So you want a blog!

WOOT! It’s great you wanna blog and it’s way easier than you might think.

Right off the bat I recommend WordPress for your first blog. Yes, it’s a subjective view but from my years of experience muckin’ with other platforms and WordPress, it’ll be one of the easiest ways to get going and it’s rock solid. It’s a major reason why WordPress powers a large portion of the blogosphere.

First, a couple quick exceptions:

  • If you’re more into what some folk call micro-blogging where you prefer to post tweet-style updates I heartily recommend Micro.blog. (You can micro-blog with WordPress, too if you prefer) They have a great community and are very helpful. What’s unique is they have a shared timeline of all micro.blogs in their network so your posts are more likely to be discovered by fellow Micro.bloggers. A caveat – they charge a small monthly fee. IMO it’s well worth it and you’ll be supporting a much needed alternative to the commercial web.

  • If you have a technical bent and like slinging bits ‘n bytes around, you’ll want to search around for something you can host on your own. There’s tons of choices out there, far too many to list here. Try searching for “self hosted blog” and “static blog.” Github is also a great source for more self-hosted blog software. Of course, you can also self-host WordPress.

Now on to WordPress.

The quickest way to get rolling? Go to WordPress.com and click the “Get Started” button.

They’ll walk you through the steps. I recommend you start with their free plan, it’s more than adequate and once you feel like you’ll keep at it you can always upgrade later/migrate to professional hosting if you desire.

WordPress.com also has a huge community of fellow bloggers. One of the brilliant things they did is to embed a universal blog “Reader” into their system that lets folks in the community browse stories from the thousands of blogs in their ecosphere. This means your blog posts will show up on their Reader, giving it fast exposure and lots of help if you ask for it (hint: use tags in your blog posts to show up in specific Reader categories).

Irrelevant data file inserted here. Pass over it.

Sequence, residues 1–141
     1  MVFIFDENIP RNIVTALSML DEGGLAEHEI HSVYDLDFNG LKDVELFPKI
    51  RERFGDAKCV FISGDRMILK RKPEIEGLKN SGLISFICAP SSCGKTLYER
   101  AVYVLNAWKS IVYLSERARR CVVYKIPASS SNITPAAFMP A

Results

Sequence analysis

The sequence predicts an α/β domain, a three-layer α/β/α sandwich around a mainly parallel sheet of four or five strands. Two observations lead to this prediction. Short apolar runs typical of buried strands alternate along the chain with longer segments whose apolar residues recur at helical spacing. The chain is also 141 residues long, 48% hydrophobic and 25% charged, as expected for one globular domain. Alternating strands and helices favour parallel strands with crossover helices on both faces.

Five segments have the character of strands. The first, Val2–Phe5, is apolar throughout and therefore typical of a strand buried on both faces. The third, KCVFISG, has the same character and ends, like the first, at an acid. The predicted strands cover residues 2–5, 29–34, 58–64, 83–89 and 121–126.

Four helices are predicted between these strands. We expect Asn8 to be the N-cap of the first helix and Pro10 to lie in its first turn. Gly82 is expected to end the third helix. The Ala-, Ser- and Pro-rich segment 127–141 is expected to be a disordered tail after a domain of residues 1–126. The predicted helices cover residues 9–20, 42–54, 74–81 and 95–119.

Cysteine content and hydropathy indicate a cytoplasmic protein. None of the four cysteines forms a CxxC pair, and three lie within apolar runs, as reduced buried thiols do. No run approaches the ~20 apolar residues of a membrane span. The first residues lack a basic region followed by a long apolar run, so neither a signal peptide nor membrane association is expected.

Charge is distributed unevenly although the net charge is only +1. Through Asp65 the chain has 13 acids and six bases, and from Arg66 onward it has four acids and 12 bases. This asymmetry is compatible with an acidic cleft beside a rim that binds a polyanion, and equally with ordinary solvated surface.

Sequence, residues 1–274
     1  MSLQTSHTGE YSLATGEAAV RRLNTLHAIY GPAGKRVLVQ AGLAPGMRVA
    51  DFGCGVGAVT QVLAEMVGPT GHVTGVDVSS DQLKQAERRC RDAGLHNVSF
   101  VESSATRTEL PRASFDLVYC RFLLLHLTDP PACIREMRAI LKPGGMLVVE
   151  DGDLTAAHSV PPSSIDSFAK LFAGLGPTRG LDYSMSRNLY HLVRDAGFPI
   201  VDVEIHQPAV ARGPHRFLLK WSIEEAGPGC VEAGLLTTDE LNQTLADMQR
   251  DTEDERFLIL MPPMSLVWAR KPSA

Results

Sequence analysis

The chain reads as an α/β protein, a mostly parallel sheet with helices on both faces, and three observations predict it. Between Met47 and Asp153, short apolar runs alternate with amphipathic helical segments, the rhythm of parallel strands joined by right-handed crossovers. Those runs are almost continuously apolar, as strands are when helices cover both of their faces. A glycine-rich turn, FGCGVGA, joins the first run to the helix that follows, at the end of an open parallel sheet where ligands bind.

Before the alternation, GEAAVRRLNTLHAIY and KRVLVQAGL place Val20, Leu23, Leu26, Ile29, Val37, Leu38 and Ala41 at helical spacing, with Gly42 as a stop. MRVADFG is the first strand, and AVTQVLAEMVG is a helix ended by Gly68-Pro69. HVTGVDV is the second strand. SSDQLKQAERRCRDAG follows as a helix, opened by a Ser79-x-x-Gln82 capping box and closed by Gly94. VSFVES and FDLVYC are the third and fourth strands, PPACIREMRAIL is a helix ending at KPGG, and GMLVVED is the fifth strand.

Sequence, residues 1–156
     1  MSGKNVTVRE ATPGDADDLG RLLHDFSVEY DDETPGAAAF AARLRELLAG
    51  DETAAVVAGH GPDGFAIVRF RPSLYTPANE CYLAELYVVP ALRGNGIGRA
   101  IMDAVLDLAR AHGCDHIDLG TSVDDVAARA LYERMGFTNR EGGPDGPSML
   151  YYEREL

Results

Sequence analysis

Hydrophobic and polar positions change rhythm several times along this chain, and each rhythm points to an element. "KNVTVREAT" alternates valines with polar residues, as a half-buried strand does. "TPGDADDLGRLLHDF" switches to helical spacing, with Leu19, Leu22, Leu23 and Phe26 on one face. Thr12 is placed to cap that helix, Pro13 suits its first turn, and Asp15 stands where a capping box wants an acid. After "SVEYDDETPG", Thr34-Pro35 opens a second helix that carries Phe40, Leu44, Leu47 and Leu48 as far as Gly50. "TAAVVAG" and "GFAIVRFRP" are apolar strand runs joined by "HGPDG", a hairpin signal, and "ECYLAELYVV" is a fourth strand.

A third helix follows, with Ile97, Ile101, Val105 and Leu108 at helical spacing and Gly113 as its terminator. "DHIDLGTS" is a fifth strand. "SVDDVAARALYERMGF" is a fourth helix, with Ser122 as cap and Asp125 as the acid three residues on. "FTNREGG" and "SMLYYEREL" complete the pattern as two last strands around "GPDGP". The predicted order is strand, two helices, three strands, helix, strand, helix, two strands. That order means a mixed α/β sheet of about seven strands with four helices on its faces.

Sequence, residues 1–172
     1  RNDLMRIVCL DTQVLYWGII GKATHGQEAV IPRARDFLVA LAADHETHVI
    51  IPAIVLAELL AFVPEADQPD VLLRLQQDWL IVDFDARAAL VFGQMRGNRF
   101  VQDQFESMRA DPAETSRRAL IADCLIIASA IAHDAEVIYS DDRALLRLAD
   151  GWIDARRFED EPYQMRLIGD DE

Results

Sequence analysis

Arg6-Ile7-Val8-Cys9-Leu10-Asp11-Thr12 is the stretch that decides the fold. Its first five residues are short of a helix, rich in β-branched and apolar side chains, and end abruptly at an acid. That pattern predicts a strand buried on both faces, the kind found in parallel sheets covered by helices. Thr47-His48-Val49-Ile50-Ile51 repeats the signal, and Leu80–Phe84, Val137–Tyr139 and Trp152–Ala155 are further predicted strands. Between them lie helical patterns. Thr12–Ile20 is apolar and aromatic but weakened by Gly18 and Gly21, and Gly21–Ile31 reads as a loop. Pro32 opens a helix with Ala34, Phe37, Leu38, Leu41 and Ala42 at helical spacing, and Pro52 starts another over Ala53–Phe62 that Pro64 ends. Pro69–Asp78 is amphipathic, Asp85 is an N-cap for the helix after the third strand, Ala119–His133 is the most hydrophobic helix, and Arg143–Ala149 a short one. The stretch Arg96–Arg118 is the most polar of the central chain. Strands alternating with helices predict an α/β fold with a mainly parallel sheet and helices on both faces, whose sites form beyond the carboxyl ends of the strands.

If you find WordPress doesn’t tickle your fancy, here’s a few alternatives you can easily try:

There’s no “The One” in blog software — pick whatever works for you and has the least amount of writing friction.

The important thing is to get started banging away on your keyboard and share your thoughts with the world. You never know who might be reading. Just get going!

Ah, what to write about?

Whatever quivers your heart or tickles your brain. It can be as personal or as technical as you like. Anything that makes your keyboard sing!

Avoid the common mistake of writing for the audience. Write for yourself and only yourself. One way to do this is to view your blog as your online journal/diary. Those are great blogs because they’re unvarnished and real, whether it’s about upgrading motherboards or forever lost loves or how fast yer grass grows.

Don’t worry about monetizing your blog (if that’s what you seek) – it’s way too early for that. Just keep doing that voodoo you do and the rest will come later. Build your baby up first.

SEO (search engine optimization)? Ugh. Don’t write for Google. Write for you and your people. The best bloggers I’ve read don’t give a shit about SEO. They focus on sharing consistently and organically building their own community of followers (quite smart ‘cuz it keeps their blog from being at the mercy of Google’s constantly changing algorithms).

Which is why I recommend opening your comment sections up. It’s how you build community. Yes, comment systems can be a pain in the spammy ass, but it’s well worth it. Don’t be afraid to moderate and prune out the jerks. It’s your town square – you set the tone. Make your comment area a warm and inviting place to chime in.

Engage with your readers! Reply to them, at the least say thank you. They’ve made the effort to visit to your blog out of millions out there and rarer yet, they’re writing back to you. Never take that for granted. If they have blogs too, reciprocate by visiting theirs and commenting on something you like.

Do have patience. It takes time to build a following. Keep at it — each word you type brings you closer and closer. Make sure you have fun with it too. That’s the whole point, yeh?

Any questions or thoughts?  I’d be happy to help — hit reply below.

Blog on!

– Ray

P.S. It goes without saying — pretty please put a blogroll on your blog listing your favorite blogs for others to find.

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Right off the bat I recommend Wordpress for your first blog. Yes, it's a subjective view but from my years of experience muckin' with other platforms and Wordpress, it'll be one of the easiest ways to get going. It's a major reason why Wordpress powers a large portion of the blogosphere.

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